1. Log in to your software and click on “Stamps.”
2. Under “Postage Details,” select “I want to specify the value for each stamp” by clicking on the white circle.
3. If you are unsure about the postage rate for your mailpiece, click on the icon bearing the image of a globe and the word “Int’l.” to access USPS’ International Mail Calculator.  Select the country, territory, or dependency to which you would like to send mail.  Select the Mailpiece Type and enter the weight of your mailpiece and click “Check Rates.”  You will be given a list of available mail classes and rates for the country you have selected.

For First-Class Mail International Large Envelopes/Flats, First-Class Package International Service, Priority Mail International Flat Rate Envelopes and Priority Mail International Small Flat Rate Priced Boxes, you can click on the International tab in the Main Navigation Bar in your software.

Remember that package contents must be declared for U.S. Customs.  Stamps.com has made this process easy by combining shipping labels and U.S. Customs Declaration Forms into a single-sheet label.  You can use our Plain Paper option or a self-adhesive label like our SDC-1200.

Mailing restrictions
If you’re a business, don’t miss out on the opportunity to be part of the new commercial partnerships that will result from the Cuban Thaw.  An easing of trade and travel rules means potential new markets.   We recommend staying abreast of postal regulations on shipments to Cuba, which are maintained by the USPS here: http://pe.usps.gov/text/imm/ce_017.htm.

Understanding Package Weight Limits for International Shipping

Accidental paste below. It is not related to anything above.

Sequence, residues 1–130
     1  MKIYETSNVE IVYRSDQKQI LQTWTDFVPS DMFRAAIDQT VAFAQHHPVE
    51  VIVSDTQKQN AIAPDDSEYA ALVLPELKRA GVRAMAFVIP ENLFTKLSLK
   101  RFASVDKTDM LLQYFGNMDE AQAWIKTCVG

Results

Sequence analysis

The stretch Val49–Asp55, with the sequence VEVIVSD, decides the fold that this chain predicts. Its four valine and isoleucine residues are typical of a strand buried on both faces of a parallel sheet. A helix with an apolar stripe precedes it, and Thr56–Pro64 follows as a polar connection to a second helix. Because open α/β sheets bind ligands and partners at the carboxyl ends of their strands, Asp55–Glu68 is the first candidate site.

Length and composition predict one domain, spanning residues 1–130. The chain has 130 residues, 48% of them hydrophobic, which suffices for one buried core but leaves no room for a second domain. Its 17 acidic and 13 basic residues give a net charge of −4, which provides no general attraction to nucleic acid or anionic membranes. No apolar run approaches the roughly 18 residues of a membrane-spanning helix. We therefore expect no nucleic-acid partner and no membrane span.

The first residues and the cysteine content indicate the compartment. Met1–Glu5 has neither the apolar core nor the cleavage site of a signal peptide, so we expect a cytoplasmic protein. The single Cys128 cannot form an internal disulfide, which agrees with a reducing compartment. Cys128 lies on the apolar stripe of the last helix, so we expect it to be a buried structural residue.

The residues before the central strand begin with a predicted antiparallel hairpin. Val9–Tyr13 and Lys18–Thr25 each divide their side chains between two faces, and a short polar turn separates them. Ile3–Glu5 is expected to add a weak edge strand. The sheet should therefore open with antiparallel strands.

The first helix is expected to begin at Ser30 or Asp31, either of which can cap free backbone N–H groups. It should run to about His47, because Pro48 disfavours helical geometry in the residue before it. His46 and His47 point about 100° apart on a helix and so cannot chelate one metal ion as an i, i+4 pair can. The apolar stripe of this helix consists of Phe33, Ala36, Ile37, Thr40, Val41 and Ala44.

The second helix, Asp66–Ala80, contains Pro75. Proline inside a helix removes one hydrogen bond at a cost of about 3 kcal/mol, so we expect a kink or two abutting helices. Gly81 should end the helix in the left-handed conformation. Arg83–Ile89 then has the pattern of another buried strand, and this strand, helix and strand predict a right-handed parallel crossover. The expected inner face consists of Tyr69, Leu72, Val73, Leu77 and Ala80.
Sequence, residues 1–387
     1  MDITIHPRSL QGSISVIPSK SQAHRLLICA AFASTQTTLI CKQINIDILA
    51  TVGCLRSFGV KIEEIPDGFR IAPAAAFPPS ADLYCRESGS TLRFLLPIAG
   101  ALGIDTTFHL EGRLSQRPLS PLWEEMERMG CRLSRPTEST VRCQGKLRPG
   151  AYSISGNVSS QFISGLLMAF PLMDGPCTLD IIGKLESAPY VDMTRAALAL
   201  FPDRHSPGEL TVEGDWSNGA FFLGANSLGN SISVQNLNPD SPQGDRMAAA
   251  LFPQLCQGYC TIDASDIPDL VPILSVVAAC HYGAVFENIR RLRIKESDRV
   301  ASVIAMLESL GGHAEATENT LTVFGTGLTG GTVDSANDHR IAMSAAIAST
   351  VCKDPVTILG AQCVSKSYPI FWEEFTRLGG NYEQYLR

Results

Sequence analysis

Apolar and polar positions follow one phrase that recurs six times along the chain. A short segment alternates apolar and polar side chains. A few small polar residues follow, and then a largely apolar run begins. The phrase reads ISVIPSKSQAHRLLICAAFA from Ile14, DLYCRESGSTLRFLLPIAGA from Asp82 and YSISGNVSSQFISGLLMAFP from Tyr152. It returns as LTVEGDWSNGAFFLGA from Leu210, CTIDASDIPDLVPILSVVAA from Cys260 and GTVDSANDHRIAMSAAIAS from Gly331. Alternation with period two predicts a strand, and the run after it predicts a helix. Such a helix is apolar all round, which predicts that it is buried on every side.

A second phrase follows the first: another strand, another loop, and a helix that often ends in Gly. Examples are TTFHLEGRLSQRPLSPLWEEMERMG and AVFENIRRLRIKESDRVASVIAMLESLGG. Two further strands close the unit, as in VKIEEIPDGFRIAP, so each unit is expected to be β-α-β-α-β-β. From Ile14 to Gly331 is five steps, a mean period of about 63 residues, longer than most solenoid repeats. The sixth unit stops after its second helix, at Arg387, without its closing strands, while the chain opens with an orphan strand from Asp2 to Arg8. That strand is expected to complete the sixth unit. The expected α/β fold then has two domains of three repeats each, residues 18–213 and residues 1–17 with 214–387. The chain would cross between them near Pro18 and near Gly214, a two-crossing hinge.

May 18th, 2016 Comments off

UnderstandingInternationalWeightLimits

You have a Priority Mail International® Small Flat Rate Priced Box ready to be shipped to the country of Antigua and Barbuda. It weighs 5 pounds, but you’re not seeing an option for Small Flat Rate Priced Boxes in the Stamps.com drop-down mailpiece menu. What’s going on? The answer: the maximum weight for a Priority Mail International Small Flat Rate Priced Box is 4 pounds, so your mailpiece weighs too much for this flat rate box.

When preparing international shipments, it’s important to remember that there are weight limits depending on which mail class and packaging you’re using.

For example, the maximum weight for a Priority Mail Express International® Flat Rate Envelope or Small Flat Rate Priced Box is 4 pounds, and 20 pounds for Medium and Large Flat Rate Priced Boxes.

First-Class Mail International® Letters are capped at 3.5 ounces while First-Class Mail International Large Envelopes/Flats, these cannot exceed 4 pounds.

Variations by Country: Availability of Services 
An important aspect to shipping internationally is knowing that services vary by country.

For example, if you’re using Priority Mail International to mail something to Bolivia, Cuba, the Falkland Islands or Ascension Island, you would only be able to use Priority Mail International Flat Rate Envelopes and Small Flat Rate Priced Boxes.

Want to ship using Priority Mail Express International Service? Do your homework, as this service is not available for more than 20 countries and dependencies, including Afghanistan, Iran, Greenland, Tuvalu, East Timor (Timor-Leste), and Suriname.

Variations by Country: Weight Limits for Non-Flat-Rate Mailpieces
The absolute maximum weight of all international packages is 70 pounds, but not all countries will accept this maximum weight. For example, 33 pounds is the maximum weight for a package going Priority Mail Express International to Taiwan, but it is 69 pounds for Nepal. Knowing that varying thresholds exist is an important step towards becoming a successful global shipper, and will help you determine what kinds of products you can ship to certain overseas markets.

These thresholds can also vary by mail class for the same country. For example, Bulgaria’s weight limit for Priority Mail Express International packages is 66 pounds, but 70 pounds for Priority Mail International packages.

Looking for a complete chart? You can find one here: http://pe.usps.com/text/imm/immpg.htm or look at individual country listings at: http://pe.usps.com/text/imm/ab_001.htm.